Does Your Prospective Financial Advisor Have a Mug Shot?

As a Certified Financial Planner™ fee-only practitioner I have seen a disturbing trend recently of clients and prospects seeking my assistance with their concerns regarding various financial products they own that they do not understand, and are not providing them with the results they were led to believe would be forthcoming. I firmly believe that an informed consumer is the best defense against these sorts of problems; it amazes me that people will spend a week on the internet researching which $40,000 car to buy, but they will turn their life savings over to a “financial advisor” (most of whom are actually salespeople) on the basis of one or two meetings without ever having checked the advisor’s regulatory disclosures, which are freely available via the same internet.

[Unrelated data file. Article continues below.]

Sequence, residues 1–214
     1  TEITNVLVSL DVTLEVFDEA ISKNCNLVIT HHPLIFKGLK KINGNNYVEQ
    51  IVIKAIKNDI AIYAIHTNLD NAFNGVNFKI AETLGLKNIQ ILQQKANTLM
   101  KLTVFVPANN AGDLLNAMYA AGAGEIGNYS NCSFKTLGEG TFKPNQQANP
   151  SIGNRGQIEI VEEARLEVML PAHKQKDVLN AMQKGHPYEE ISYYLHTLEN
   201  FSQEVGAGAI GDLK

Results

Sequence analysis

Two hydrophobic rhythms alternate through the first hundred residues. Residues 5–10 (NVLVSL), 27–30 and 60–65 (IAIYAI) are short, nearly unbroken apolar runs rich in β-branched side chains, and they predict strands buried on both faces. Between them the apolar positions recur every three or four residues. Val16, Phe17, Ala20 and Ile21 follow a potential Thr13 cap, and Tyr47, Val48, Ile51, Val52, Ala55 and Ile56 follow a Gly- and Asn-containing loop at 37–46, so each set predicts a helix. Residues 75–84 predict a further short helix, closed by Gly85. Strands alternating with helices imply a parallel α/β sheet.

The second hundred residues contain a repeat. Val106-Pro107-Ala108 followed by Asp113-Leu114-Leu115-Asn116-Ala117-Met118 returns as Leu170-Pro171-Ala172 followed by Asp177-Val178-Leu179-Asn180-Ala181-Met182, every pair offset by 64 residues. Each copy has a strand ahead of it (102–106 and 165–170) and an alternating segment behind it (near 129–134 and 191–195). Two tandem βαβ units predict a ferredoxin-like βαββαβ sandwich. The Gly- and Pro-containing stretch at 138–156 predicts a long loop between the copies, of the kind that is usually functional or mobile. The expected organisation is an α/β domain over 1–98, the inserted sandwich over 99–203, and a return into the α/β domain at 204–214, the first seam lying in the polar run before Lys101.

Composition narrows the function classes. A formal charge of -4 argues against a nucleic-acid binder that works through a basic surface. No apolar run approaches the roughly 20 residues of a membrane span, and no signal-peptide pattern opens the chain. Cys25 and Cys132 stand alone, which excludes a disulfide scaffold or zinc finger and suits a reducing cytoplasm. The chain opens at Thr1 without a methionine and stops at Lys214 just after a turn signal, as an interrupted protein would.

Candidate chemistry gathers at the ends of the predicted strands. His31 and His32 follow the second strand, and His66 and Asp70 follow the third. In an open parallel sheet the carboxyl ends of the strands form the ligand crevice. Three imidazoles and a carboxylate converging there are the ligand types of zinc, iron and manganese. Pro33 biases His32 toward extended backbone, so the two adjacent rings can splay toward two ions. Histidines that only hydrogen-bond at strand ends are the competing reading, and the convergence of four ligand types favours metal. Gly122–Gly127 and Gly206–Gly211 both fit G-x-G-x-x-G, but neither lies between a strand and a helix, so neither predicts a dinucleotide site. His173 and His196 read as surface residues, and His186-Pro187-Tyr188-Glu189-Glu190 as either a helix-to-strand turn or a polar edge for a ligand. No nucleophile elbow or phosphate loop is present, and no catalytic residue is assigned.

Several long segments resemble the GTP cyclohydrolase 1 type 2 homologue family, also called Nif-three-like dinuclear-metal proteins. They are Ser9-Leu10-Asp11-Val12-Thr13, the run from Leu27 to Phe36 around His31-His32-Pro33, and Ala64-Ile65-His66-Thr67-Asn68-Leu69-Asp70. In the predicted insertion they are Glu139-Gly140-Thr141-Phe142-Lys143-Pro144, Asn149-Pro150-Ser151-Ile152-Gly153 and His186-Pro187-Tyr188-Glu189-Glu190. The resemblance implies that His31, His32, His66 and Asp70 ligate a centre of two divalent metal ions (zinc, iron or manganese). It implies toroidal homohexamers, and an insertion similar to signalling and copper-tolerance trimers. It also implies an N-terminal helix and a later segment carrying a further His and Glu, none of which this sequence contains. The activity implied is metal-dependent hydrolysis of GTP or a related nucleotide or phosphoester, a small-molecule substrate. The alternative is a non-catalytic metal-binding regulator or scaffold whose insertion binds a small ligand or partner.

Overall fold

Before you commit to any financial transactions ask the “financial advisor” which agency regulates his or her activity and visit their site. FINRA, the SEC and state insurance boards all have websites where you can find the disciplinary records of “advisors”, financial planners, brokers, registered representatives and insurance agents. 

I present to you below the case of Roger W. Page and his “financial advisor” misconduct. Please watch the video and then review Roger’s BrokerCheck report By clicking on the “Download Full Report PDF” at the bottom left of the opening screen.

The fact that what Roger did was unconscionable is not even the worst part of this story.  The BrokerCheck report indicates that he was employed by seven different firms over the ten years before this incident. That in and of itself is not terrible, but would certainly be something a prospective client might want to consider before entering into an advisory relationship.

The BrokerCheck disclosures, however, show three different customer disputes involving unethical and possibly illegal practice violations alleging millions in damages and settled for hundreds of thousands of dollars, but the worst part of the story is that ALL THE VIOLATIONS OCCURRED BEFORE THE UNFORTUNATE WOMAN GAVE ROGER HER MONEY, AND COULD HAVE BEEN SEEN IN LESS THAN 5 MINUTES ON THE BROKERCHECK INTERNET SITE. 

And the moral of the story is:  Caveat Emptor – (let the buyer beware)

To learn more about Gary Brand, visit The Goff Financial Group.